I’ve mentioned this before, but the 3D in N+c is amazing. In 2D, the game looks great. Switch on 3D, however, and suddenly the animals display real-looking fur while environments gain incredible depth. On walks, fireflies float out of your screen. Birds and dog spit hurtle straight toward your face’and yes, that is a plus.
* Better Walk Mode plus Miis and Streetpass
In a recent interview, Shigeru Miyamoto admitted the first Nintendog’s walking minigame felt like a chore. The new version is a vast improvement, offering first-person perspective, branching routes, obstacles, secret item shops to discover, populated streets and an overall feeling of exploration and fun. Unlike the original’s ghost town of invisible dog owners, the locales are now full of Miis and their pets. This goes a long way toward making the whole experience more colorful. Leaving the game on auto-pilot pedometer walk mode while carrying the 3DS around in real life will earn you special gifts and open up the Streetpass chance of bringing other players and their dogs into your game world.
* AR Card Support
It’s a small but awesome feature. You can use all six AR cards to take photos your pet (plain or in one of the five character card costumes) interacting with your surroundings, fully animated. In 3D, it’s truly eye-popping. The cards are also used for the Obedience Trials, which now take place on your own tabletop.
* Improved Disc Competition
The most fun event in the original becomes even better with the addition of special scoring rings, great camera angles, and’most importantly’all three competitors taking the field together, keeping the pressure up as you can see exactly how well (or terribly) you and your pup are doing as the clock ticks down.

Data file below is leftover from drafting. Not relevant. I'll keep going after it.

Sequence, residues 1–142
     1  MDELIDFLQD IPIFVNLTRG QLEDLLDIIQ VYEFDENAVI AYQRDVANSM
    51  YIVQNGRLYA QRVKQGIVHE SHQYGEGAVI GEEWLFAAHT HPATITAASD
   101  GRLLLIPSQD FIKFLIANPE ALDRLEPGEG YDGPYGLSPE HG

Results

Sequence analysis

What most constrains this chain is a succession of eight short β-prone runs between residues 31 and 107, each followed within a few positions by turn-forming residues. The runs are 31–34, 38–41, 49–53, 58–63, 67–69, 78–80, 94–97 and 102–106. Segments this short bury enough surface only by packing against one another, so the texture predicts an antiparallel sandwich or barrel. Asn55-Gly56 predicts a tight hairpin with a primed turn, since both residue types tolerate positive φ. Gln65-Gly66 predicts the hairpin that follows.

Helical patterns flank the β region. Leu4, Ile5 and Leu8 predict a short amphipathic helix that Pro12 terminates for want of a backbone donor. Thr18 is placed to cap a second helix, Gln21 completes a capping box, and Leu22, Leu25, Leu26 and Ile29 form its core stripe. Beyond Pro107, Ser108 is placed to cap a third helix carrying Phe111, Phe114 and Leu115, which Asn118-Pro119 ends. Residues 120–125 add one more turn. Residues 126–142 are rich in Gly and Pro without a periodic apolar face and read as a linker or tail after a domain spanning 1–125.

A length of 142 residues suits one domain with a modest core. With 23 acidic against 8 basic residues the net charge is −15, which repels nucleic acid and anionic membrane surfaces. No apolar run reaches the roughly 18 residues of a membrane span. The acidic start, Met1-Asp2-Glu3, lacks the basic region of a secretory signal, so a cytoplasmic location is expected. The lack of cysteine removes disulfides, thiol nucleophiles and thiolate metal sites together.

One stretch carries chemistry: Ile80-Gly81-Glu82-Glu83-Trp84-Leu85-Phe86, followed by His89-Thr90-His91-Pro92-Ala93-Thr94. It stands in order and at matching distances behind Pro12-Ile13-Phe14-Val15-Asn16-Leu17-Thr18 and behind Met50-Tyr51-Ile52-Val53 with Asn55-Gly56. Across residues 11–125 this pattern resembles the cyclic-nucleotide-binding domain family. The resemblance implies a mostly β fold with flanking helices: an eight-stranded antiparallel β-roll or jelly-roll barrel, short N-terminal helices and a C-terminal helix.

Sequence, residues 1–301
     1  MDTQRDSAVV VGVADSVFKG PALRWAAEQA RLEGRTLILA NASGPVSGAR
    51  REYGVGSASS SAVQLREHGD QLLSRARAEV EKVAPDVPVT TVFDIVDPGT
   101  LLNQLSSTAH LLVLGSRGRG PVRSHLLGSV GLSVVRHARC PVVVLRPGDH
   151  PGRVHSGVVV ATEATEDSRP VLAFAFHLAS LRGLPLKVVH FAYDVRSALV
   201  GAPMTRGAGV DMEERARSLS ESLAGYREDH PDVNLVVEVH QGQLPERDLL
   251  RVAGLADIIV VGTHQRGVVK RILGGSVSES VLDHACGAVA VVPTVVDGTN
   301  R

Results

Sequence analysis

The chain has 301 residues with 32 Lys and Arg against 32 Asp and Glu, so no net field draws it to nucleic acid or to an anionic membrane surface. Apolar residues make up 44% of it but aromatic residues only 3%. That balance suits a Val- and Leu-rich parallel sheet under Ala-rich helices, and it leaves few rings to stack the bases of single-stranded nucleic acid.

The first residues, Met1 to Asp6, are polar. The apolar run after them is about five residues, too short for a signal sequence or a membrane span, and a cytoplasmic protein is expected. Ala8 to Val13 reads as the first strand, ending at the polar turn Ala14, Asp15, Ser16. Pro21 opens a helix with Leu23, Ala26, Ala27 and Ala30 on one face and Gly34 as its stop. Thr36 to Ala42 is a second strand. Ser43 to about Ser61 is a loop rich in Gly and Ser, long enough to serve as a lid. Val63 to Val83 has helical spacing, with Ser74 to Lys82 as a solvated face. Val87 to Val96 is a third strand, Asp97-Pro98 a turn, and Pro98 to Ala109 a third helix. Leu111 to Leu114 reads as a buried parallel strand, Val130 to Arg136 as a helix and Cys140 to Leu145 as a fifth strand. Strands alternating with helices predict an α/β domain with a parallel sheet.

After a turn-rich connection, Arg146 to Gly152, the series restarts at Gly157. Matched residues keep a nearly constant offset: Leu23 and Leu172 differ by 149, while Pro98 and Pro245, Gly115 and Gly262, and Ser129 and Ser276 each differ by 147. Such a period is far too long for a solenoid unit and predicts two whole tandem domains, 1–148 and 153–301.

* Lure Coursing
I miss the original’s obstacle course events, but the replacement Lure Coursing takes better advantage of 3D. You quickly crank a fishing reel (poor, poor touch screen) to pull a tethered dog toy along a twisting track, enticing your dog to chase it to the finish line ahead of two competitors.
* The Recycling Guy
Many items cannot be bought or found; you must get the Recycling Guy to build them for you from crud your puppy brings you in gift-wrapped boxes found on walks. Seriously, why would anyone gift wrap a chunk of ruined tire?
Nintendogs + cats, like its predecessor, is a huge, deep, surprise-filled non-game best played in short sessions over a period of months. The Disc competition is, again, the best part and is’again’limited to two entries per dog per day. As much performance art as it is videogame, N+c is not for everyone. As a relaxing, daily dose of gentle comedy, however, it’s a one-of-a-kind charmer that pulls off its illusion with such skill that imitators should simply throw in the towel and give up.
Have you bought or tried N+c? Do you dislike any of the changes from the DS version? Is it different enough? Has your kitten brought in a dead bird? Please post your reactions and thoughts!